David Lowery has created a classic within Americana cinema. After first viewing, it’s simple to think you’ve seen this film once before. The comparability of Ain’t Them Bodies Saints (2013) to that of Terrence Malick’s Badlands (1973) is more than apparent. Not just due to the storyline being about two young rebellious lovers, but also the use of cinematography and the amount of voiceovers to display a character’s emotions. However, after further review, Lowery is able to supply his own voice and ensure that the story remains fresh and original.
Ain’t Them Bodies Saints’ storytelling relies heavily on the use of memories, space, and mumbles from behind mustaches to resonate a story of heartbreak, life, and outlaws which only the Texan landscape can properly provide. Bob Mulddon (Casey Affleck) and Ruth Guthrie (Rooney Mara) are two passionate juveniles set on living their lives together, no matter the cost. Bob (a small-time crook) and Ruth (recently realizing she is pregnant) immerse themselves in the blissful blindness of young love. Due to a careless mistake by Ruth after a robbery gone wrong, Bob takes the fall for the crime and is given a 25-year prison sentence. As the two are whisked away in a heartbreaking embrace, Bob promises to return to Ruth and to meet their unborn daughter.
As years rolled through their small Texas town, Bob always tried his best to make his promise turn into fruition. Time and time again, his escapes are foiled. But, with true determination, he finally escapes prison, set on starting a new life with Ruth and their baby girl. Ruth, meanwhile, is at a crossroads in her life. Her rebellious past and responsible future have converged. Does she continue to relish in her rebellious past waiting for Bob or does she look for the best possible outcomes for her daughter? As Ruth realizes she is no longer that foolish young woman, she receives word that Bob is coming for her.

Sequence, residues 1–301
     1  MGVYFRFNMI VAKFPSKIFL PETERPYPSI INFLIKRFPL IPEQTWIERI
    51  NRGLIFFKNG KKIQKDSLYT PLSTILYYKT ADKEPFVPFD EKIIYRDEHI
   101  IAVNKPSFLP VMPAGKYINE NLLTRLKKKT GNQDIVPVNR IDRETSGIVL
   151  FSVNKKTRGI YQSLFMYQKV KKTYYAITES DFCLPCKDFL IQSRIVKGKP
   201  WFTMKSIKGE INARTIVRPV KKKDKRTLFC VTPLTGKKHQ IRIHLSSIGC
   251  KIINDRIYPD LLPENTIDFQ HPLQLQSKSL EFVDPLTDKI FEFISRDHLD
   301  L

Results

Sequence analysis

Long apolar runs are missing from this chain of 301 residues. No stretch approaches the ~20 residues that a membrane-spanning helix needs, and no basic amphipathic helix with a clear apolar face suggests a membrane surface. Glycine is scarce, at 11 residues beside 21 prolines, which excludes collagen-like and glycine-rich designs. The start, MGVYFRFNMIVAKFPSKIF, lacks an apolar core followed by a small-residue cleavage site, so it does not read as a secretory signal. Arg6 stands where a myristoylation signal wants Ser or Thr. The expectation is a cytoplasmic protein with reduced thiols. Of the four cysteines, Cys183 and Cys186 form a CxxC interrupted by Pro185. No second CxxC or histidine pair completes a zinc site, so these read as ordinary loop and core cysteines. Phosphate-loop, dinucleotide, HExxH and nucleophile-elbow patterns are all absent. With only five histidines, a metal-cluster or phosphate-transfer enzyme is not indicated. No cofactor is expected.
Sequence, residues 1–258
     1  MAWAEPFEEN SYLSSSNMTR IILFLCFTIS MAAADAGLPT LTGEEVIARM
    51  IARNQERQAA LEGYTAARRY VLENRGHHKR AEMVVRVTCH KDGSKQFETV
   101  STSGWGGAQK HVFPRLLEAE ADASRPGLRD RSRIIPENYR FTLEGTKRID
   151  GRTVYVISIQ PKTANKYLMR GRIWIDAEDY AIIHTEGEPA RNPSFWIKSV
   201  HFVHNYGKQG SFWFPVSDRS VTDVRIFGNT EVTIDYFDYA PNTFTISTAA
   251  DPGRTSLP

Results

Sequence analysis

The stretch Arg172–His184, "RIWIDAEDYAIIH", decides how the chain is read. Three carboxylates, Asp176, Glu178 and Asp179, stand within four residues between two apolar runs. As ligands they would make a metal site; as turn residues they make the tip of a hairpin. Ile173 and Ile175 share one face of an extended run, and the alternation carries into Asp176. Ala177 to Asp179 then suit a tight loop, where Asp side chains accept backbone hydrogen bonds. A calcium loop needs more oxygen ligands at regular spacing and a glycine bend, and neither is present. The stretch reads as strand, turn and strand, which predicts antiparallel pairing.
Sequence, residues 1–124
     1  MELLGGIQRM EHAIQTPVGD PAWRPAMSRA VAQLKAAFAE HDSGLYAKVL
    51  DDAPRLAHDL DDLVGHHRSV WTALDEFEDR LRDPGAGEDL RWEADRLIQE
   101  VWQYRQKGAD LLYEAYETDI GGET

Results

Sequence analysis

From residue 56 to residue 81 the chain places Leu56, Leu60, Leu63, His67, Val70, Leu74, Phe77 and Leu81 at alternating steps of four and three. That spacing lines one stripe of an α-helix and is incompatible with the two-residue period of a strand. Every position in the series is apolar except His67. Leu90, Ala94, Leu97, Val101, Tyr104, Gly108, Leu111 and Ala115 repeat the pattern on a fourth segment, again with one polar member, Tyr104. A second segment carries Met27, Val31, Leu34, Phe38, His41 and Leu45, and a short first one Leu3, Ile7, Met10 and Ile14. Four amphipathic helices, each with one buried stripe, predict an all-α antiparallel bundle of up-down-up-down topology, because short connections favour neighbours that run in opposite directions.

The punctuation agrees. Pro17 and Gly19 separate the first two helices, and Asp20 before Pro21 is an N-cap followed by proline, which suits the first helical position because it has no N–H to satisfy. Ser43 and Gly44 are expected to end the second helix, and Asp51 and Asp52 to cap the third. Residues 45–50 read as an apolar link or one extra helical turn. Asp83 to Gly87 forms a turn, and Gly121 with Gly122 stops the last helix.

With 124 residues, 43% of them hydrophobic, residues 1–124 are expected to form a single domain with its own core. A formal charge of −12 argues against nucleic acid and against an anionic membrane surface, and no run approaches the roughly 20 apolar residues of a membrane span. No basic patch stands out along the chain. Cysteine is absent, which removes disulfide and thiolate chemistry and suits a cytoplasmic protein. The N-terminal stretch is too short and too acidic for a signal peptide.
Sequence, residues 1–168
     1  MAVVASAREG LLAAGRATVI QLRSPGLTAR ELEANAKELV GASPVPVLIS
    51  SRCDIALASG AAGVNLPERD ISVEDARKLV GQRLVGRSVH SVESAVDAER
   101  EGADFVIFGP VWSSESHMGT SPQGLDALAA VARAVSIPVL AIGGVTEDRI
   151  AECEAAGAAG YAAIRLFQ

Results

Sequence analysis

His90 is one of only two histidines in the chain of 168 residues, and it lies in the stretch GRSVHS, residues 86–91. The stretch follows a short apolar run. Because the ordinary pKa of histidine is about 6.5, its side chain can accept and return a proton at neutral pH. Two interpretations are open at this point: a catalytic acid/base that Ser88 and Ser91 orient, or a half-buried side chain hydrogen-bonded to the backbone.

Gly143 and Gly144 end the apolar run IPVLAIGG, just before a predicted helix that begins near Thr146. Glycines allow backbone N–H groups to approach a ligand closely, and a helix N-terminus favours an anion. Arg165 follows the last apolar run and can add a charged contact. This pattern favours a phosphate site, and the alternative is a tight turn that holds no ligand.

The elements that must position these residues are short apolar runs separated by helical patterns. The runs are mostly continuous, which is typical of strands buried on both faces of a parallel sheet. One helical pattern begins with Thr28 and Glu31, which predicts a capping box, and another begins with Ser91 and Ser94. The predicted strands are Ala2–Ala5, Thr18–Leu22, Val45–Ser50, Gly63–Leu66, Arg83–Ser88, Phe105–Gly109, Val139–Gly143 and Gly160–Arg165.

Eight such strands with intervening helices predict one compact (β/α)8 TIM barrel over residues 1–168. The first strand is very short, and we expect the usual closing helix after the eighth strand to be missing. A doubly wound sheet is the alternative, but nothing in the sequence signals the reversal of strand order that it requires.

The story ultimately evolves into Bob’s ornery determination and Ruth’s decision whether or not to assist in Bob’s capture. Their story and dilemmas provides enough juicy twists and turns, but what pushes the tale to higher levels are the supporting characters. A sheriff (Ben Foster) who has watched Ruth become a mature woman and feels himself a qualified suitor, as does the protective neighbor (Keith Carradine) who has taken Ruth and her daughter in as family. Throw in a couple unfamiliar faces also looking for Bob and asking questions around town, an explosive scenario festers just as Bob makes it into town.
The film resonates with the voice as distinct as the director, David Lowery, and it wasn’t until after my viewing that I realized I’ve previously seen his last piece of work, St. Nick (2009), as it made its way through the film festival circuit. St. Nick told a meditative story about a young runaway brother and sister as they wander the Texas landscape before they try and settle in a small Texan town. There is a lot in common with Ain’t Them Bodies Saints. The storyline in St. Nick was broad and the dialogue was sparse, but what resonated through both projects were the gorgeous scenery, pinpoint editing, and the use of subtlety to tell the story.
What I appreciated most about Ain’t Them Bodies Saints was the delicate balance Lowery gave to the different periods in the character’s lives. The regular flashbacks always provided a purpose that would shift the story or provide a different perspective. Yet, the most powerful creation Lowery was able to conjure was the feeling that all characters truly loved Ruth and they would do anything to ensure her safety. For that, Ain’t Them Bodies Saints is worth escaping to Texas for.